Jury Discrimination in Criminal Trials
This paper examines the impact of jury racial composition on trial outcomes using a unique dataset of all felony trials in Sarasota County, Florida between 2004 and 009. We utilize a research design that exploits day-to-day variation in the composition of the jury pool to isolate quasi-random variation in the composition of the seated jury. We find strong evidence that all-white juries acquit whites more often and are less favorable to black versus white defendants when compared to juries with at least one black member. Using the Anwar-Fang rank order test, we find strong statistical evidence of discrimination on the basis of defendant race. These results are consistent with racial prejudice on the part of white jurors, black jurors, or both. Using a simple model of jury selection and decision-making, we replicate the entire set of empirical regularities observed in the data, including the fact that blacks in the jury pool are just as likely as whites to be seated. Simulations of the model suggest that jurors of each race are heterogeneous in the standards of evidence that they require to convict and that both black and white defendants would prefer to face jurors of the same race.
|Date of creation:||2010|
|Contact details of provider:|| Postal: Department of Economics Duke University 213 Social Sciences Building Box 90097 Durham, NC 27708-0097|
Phone: (919) 660-1800
Fax: (919) 684-8974
Web page: http://econ.duke.edu/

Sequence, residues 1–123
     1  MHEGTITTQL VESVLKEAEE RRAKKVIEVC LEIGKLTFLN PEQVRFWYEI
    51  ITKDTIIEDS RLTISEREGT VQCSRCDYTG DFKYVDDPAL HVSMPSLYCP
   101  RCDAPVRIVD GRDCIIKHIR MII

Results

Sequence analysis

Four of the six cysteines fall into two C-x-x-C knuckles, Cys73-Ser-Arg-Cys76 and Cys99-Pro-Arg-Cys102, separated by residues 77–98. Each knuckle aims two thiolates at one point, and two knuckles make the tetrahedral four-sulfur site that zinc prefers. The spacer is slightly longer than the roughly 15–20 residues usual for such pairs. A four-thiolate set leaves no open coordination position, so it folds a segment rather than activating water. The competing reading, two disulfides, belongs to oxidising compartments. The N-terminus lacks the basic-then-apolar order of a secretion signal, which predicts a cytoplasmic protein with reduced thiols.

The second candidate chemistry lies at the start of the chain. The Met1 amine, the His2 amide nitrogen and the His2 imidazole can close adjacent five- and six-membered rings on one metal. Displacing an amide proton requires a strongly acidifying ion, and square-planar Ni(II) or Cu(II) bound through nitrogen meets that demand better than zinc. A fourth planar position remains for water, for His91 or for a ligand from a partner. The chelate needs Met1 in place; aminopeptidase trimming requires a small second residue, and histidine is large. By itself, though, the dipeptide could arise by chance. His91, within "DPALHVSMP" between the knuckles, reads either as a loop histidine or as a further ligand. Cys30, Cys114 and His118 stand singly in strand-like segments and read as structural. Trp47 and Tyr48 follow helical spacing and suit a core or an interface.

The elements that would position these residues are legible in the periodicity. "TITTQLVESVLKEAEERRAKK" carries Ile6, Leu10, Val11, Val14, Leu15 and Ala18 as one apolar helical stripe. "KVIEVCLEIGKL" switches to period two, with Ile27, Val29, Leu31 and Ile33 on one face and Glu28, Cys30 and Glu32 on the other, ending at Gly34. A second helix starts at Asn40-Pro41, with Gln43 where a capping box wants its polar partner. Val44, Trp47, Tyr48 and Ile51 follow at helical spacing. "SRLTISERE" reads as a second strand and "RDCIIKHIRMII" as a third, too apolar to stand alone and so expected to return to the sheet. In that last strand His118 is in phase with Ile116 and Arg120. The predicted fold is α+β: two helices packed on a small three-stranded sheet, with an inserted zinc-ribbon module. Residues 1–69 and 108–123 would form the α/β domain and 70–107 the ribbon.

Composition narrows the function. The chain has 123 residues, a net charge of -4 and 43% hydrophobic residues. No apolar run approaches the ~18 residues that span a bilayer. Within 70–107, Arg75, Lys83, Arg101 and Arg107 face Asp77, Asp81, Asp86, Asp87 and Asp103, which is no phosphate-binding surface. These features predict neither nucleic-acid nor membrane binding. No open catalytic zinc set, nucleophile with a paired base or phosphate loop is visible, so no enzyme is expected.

When requesting a correction, please mention this item's handle: RePEc:duk:dukeec:10-57. See general information about how to correct material in RePEc.
For technical questions regarding this item, or to correct its authors, title, abstract, bibliographic or download information, contact: (Department of Economics Webmaster)
If you have authored this item and are not yet registered with RePEc, we encourage you to do it here. This allows to link your profile to this item. It also allows you to accept potential citations to this item that we are uncertain about.
If references are entirely missing, you can add them using this form.
If the full references list an item that is present in RePEc, but the system did not link to it, you can help with this form.
If you know of missing items citing this one, you can help us creating those links by adding the relevant references in the same way as above, for each refering item. If you are a registered author of this item, you may also want to check the "citations" tab in your profile, as there may be some citations waiting for confirmation.
Please note that corrections may take a couple of weeks to filter through the various RePEc services.